Recession. The collapse of demand and business confidence cause the largest monthly job cut since July 2009
The activity of the private sector in the eurozone registered its biggest drop in the entire historical series in March as a result of the impact of the coronavirus pandemic and the containment measures implemented by governments, as reflected in the preliminary composite index of managers of Purchases (PMI), which has fallen to 31.4 points from 51.6 in February, the lowest level of the figure since the records began in 1998, which anticipates a quarterly contraction of the eurozone GDP of 2% and suggests a further decline as the response to the epidemic intensifies, according to IHS Markit.
The drop in activity in March was especially significant in the services sector, whose leading PMI index stood at 28.4 points, compared to 52.6 in February, its worst reading since the start of the series in 1998. while the manufacturing sector has aggravated its recession, with a fall in the activity index to 44.8 points from the 49.2 of the previous month, at a minimum of 92 months, including the collapse of manufacturing production to the lowest of recent eleven years, with a PMI sub-index of 39.5 points, compared to 48.7 in February. “Business activity across the eurozone plummeted in March with an intensity that far exceeded the decline seen in the worst of the global financial crisis,” said Chris Williamson, chief economist at IHS Markit,
In this sense, the survey indicates that, while growth had modestly accelerated in the first two months of the year, generalized problems for activity were observed in March as a result of increasingly stringent measures to contain the contagion of the coronavirus outbreak. The service sector is the most affected in consumer-oriented segments such as travel, tourism, and restaurants, while in the manufacturing sector the decline has been less severe.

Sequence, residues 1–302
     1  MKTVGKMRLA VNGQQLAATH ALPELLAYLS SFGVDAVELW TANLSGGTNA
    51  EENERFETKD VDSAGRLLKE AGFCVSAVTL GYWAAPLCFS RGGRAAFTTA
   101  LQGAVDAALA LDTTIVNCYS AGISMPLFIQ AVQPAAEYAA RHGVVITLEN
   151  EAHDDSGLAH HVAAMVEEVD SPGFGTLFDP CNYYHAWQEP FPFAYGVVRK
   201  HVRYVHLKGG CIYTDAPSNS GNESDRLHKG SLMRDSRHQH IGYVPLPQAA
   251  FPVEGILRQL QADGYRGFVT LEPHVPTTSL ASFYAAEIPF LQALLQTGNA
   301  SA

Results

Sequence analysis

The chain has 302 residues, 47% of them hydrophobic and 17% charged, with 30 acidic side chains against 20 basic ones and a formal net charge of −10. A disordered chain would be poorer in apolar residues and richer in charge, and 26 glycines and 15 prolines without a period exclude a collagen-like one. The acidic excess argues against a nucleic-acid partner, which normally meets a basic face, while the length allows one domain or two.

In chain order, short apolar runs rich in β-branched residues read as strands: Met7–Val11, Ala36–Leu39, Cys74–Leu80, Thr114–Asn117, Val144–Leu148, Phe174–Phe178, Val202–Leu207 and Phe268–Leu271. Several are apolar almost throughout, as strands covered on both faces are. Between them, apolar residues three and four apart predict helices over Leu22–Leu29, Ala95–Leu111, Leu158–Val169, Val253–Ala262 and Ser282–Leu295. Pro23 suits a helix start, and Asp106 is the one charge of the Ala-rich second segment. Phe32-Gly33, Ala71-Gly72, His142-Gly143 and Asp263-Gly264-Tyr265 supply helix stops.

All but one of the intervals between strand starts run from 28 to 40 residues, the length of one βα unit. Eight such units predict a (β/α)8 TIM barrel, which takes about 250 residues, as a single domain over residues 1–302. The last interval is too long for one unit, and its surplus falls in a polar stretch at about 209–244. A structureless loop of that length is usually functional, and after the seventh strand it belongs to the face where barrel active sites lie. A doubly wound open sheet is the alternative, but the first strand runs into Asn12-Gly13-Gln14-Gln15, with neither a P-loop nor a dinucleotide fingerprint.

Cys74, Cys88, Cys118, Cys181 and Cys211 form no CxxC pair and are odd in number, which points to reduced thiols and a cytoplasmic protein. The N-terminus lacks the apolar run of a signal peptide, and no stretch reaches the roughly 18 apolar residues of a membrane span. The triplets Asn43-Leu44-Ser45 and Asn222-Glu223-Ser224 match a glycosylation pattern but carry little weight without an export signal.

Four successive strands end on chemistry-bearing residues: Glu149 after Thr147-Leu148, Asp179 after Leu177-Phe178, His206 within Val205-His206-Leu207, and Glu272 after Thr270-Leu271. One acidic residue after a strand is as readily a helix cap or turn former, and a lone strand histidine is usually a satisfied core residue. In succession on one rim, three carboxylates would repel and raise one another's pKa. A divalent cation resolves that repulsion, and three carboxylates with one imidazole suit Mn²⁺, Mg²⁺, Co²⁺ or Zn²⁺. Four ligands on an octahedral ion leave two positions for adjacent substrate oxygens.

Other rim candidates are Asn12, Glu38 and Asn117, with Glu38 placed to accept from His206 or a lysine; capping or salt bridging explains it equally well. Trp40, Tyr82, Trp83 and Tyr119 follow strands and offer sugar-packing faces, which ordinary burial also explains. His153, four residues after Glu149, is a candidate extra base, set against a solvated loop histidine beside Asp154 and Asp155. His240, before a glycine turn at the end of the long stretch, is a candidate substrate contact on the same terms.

Record fall in March
In March, the volumes of new orders received fell with the highest intensity recorded to date, as a result of the record fall in new orders for exports as cross-border trade flows came to a standstill. Likewise, expectations regarding future total activity also deteriorated sharply, reaching their historic low, with record levels of pessimism observed over the next twelve months in both the manufacturing and services sectors.
Thus, the unprecedented slump in demand and business sentiment drove the largest monthly cut in employment since July 2009. In the case of the services sector, employment has been lost at the fastest rate since May 2009, while manufacturing has cut their workforces at an intensity not seen since July 2012. “Demand for many products and services has fallen dramatically, while near-record delays in supply chains have hampered production and business closures are causing an increasing proportion of the economy to be immobilized, “said Williamson, stressing that employment is being destroyed at a rate that had not been observed since the summer of 2009.
“Business sentiment for the next twelve months has collapsed to its all-time low, suggesting that the efforts of those responsible for monetary policy have failed to improve the outlook, which is turning increasingly bleak,” he added.